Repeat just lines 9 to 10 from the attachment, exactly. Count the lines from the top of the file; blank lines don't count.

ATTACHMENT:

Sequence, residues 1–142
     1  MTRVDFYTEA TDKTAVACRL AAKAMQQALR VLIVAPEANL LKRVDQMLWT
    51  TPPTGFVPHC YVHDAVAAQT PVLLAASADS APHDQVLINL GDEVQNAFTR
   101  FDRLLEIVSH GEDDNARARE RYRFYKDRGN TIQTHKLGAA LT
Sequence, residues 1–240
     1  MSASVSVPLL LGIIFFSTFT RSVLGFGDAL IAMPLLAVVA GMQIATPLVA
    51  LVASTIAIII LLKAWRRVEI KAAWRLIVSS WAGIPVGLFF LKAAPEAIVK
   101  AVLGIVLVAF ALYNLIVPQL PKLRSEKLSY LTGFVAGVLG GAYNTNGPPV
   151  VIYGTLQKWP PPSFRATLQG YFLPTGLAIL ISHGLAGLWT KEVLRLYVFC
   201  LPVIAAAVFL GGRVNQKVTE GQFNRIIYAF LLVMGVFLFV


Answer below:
   151  VIYGTLQKWP PPSFRATLQG YFLPTGLAIL ISHGLAGLWT KEVLRLYVFC
   201  LPVIAAAVFL GGRVNQKVTE GQFNRIIYAF LLVMGVFLFV